Now that the April 1 ELD enforcement deadline has come and gone, it’s a good time to review just how ELDs electronically transfer data during inspections. From what we’ve been seeing and hearing from drivers, it’s a source of some confusion.
Data transfer procedures vary depending on which type(s) of ELD your fleet uses and the transfer method – but don’t worry, we’ve got you covered. Here’s a breakdown of what drivers should expect during inspections depending on transfer method:
E-mail: the safety official must provide the driver with a routing code to reference in the email. Note: The e-mail address is preprogrammed into the device by the ELD vendor.
Drivers cannot email logs to themselves. This is a common “problem” reported to ELD technical support specialists, but it is not indicative of a malfunction – ELDs are not designed to permit that.
USB: If a driver is using an ELD with USB, the safety official will provide a secure USB device allowing the driver to transfer data to the official, who will then transfer the data to a computer.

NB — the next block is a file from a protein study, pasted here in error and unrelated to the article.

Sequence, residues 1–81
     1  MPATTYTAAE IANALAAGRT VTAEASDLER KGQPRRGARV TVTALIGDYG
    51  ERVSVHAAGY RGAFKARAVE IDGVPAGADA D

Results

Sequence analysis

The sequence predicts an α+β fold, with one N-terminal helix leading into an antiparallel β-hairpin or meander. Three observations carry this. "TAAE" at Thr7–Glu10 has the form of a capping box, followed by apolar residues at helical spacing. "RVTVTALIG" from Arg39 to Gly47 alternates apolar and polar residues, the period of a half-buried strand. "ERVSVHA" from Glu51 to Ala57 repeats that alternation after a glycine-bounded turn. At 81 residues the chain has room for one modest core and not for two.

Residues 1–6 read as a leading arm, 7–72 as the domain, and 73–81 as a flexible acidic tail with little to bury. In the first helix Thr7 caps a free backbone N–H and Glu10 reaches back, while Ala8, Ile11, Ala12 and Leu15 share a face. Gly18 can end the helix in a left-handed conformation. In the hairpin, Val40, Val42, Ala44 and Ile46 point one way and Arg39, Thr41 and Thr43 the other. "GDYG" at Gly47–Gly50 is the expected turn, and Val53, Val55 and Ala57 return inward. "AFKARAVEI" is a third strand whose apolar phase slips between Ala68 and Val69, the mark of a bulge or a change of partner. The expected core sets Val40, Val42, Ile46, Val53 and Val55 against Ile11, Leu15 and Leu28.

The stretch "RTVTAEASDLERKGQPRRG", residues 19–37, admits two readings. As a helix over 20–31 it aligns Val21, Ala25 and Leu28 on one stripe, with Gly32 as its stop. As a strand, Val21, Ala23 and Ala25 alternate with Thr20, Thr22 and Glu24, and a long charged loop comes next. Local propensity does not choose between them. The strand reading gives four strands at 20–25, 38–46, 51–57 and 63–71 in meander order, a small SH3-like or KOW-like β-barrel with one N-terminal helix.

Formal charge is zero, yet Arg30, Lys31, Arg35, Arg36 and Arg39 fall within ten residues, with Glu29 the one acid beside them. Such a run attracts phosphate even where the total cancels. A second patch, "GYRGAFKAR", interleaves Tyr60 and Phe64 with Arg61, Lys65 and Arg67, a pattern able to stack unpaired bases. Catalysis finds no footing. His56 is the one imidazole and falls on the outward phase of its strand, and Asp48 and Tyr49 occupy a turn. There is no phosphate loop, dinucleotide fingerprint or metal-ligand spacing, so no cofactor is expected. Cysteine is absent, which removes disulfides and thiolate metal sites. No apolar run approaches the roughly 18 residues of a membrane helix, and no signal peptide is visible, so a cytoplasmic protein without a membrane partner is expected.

Bluetooth: If the driver is using an ELD with Bluetooth capabilities, the inspecting official will provide a pairing code for the driver to enter into his/her ELD. The driver will then initiate the Bluetooth electronic transfer of the data from the driver’s ELD to the safety official’s device.
WIFI: If transferring data via wireless internet, the inspector will give the driver a routing code (this code helps the official locate the data once it is transmitted). The driver then initiates a web transfer to an FMCSA server to be retrieved later by the safety official’s software.
If there’s a system failure, a finicky Bluetooth or an email isn’t cooperating, drivers can still comply by showing a printout of their log or the actual ELD display.
To learn more about upgrading to an ELD, visit: ELD Compliance